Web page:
BASEBALL AUTHOR – 2 p.m. Presentation on ‘Designated Hebrew’ presented by co-authors former New York Yankee Ron Blomberg and his biographer, Dan Schlossberg. Book chronicles Blomberg’s baseball story at a time when the sport was changing and his struggles during. Free, registration required. Presented by Baseball Hall of Fame. Visit baseballhall.org/events/virtual-author-series-dan-schlossberg-ron-bloomberg?date=0 for info.
ELECTIONS – 9 a.m. – Noon. Vote in your town and village elections. Fire Hall, 24 Chestnut St., Cooperstown.
COVID-19 TESTING – 9 a.m. – 6 p.m. Get free rapid testing for Covid-19. Pre-registration required. Oneonta Armory, 4 Academy St., Oneonta. 607-547-4279.
COOPERSTOWN – Three decades of striving ended today as the Otsego County Board of Representatives, 11-2-1, created the position of county executive.
In a half-hour of give and take, it was clear that, despite and lopsided vote, starkly contrasting outlooks remain.
“You talk about planning,” said county Rep. Keith McCarty, R-East Springfield, and longest-serving board member. “You can’t plan when you’re going to get a flood. You can’t plan when a bridge is going to go out. You can’t plan when a road washes out – we’ve had two of them on the east side of Otsego Lake. You deal with it.”
Danny Lapin, D-Oneonta, who is finishing his first term, took on the rebuttal: “Our talents are hamstrung by a lack of coordination, a lack of planning, a lack of overall coordination.
It’s pretty clear to everyone by now that the sale of Otsego Manor in Jan. 27, 2014, was a mistake.
That was punctuated with numerous exclamation marks Wednesday, Sept. 12, when Focus CEO Joseph Zupnik and his chief financial executive, Daniel Herman, pleaded guilty before Otsego Town Justice Gary Kuch in the Fly Creek courtroom.
Under a plea agreement, Zupnik and Herman admitted to only one of the eight counts against them, one involving patient M.P., left in a chair for 41 hours over Labor Day Weekend 2016. The specifics, as detailed by the Attorney General’s Office, appear at right.
More serious, in that death resulted, may have been the count involving Robert Banta, former longtime county Soil & Water
Conservation District chairman, so admired that the district’s headquarters on Route 33 is named in his honor. Admitted to Focus, he fell twice the first night there, and died at Bassett Hospital a few days later.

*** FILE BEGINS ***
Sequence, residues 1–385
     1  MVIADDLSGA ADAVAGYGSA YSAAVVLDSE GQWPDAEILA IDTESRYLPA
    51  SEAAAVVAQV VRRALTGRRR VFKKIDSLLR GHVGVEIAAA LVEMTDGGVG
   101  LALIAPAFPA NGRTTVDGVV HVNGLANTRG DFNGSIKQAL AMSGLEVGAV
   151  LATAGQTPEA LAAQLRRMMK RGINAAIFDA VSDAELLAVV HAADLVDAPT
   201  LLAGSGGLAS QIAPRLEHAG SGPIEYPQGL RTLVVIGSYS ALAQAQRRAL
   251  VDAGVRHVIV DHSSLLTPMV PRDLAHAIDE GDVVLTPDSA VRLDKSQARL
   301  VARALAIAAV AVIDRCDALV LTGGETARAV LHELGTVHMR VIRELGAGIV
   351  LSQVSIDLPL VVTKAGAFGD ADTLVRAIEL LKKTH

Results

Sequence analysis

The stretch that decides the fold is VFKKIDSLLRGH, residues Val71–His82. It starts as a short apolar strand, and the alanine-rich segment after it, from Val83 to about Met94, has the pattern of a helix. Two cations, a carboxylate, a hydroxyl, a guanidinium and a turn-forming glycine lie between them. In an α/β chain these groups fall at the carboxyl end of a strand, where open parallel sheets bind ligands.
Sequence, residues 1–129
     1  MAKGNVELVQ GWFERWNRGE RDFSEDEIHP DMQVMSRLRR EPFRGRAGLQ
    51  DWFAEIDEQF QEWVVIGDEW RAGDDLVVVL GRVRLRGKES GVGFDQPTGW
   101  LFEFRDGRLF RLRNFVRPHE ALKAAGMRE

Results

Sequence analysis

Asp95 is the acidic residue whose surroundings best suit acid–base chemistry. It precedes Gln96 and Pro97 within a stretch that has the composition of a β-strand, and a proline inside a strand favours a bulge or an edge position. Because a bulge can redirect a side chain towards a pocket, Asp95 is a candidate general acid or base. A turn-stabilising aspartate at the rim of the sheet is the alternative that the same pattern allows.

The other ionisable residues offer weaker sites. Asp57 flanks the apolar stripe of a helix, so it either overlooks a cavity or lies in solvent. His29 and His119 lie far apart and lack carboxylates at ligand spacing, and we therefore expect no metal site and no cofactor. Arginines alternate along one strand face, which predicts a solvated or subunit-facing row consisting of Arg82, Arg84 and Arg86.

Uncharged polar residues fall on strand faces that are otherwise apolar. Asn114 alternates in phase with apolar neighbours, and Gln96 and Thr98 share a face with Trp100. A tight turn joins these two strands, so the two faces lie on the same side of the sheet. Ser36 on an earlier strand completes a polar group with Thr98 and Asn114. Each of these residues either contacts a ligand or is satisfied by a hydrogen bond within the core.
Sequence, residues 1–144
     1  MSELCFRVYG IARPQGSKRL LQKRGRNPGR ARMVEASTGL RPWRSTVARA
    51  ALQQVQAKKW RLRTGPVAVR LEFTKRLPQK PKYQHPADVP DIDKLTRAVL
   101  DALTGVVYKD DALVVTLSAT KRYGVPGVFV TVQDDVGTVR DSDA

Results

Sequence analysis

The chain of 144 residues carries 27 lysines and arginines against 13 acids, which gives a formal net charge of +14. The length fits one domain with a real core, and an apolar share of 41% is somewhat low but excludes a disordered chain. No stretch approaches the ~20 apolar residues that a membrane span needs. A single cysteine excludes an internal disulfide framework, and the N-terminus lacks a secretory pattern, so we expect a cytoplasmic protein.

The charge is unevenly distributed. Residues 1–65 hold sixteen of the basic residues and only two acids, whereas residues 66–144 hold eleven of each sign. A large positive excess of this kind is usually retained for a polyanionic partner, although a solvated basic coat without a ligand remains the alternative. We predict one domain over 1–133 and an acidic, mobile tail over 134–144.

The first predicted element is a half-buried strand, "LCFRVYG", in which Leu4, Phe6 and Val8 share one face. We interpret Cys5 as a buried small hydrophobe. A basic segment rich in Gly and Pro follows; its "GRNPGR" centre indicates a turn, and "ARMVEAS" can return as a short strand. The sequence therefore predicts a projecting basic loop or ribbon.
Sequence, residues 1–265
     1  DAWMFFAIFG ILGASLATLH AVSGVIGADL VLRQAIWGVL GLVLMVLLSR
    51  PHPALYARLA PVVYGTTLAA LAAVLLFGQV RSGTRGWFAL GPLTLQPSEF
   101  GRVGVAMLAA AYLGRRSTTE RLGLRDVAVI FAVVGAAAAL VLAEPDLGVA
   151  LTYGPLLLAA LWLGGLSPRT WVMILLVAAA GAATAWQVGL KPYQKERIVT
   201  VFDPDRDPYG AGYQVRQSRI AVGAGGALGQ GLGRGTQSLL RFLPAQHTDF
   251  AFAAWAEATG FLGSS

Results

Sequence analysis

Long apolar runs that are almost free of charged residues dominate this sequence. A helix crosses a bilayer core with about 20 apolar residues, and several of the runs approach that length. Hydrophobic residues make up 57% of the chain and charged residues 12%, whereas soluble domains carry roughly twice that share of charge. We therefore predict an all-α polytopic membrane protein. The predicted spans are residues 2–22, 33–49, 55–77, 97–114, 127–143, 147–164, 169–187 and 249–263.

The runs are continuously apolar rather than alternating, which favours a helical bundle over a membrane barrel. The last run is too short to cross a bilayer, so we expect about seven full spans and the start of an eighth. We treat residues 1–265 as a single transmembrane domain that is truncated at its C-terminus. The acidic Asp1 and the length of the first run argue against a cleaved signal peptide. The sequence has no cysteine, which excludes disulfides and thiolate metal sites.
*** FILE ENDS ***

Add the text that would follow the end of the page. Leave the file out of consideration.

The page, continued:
Some may wish the penalties were harsher – avoiding jail time by their guilty pleas, Zupnik and Herman will be sentenced Oct. 10 to a term of community service, plus fines and expulsion from administering nursing homes that get federal Medicaid funding. Further, these criminal convictions should have nursing home owners who are inclined to cut corners to think again.
Still, should the responsibility for the Focus fiasco – the widely recognized deterioration of care for some of our county’s most vulnerable citizens – be left at that?
Retired banker Bill Dornburgh, a member of the county Health Facilities Corp. set up by the county Board of Representatives to shelter itself from attempts to block Otsego Manor’s sale, recalls telling Zupnik that the sale price – $18.5 million – was too high, that Focus could never cover its investment.
Dornburgh voted nay on the sale to Focus. So did two other members of the Health Facilities Corp. – Dr. Don Pollock, the retired Bassett physician, and Carol Kirkey, whose husband Terry passed away at what was still Otsego Manor in February 2013.
But the four others voted aye: county Reps. Kay Stuligross, Democrat, and Don Lindberg, Republican; Kim Muller, former Oneonta mayor and, until the end of this month, chair of the county Democratic Party; and Oneonta contractor Rick Eastman. They are certainly public-spirited citizens to take on a thankless job at no remuneration; nonetheless, they must take some responsibility for what turned out to be the wrong decision, predictably so. Dornburgh was right.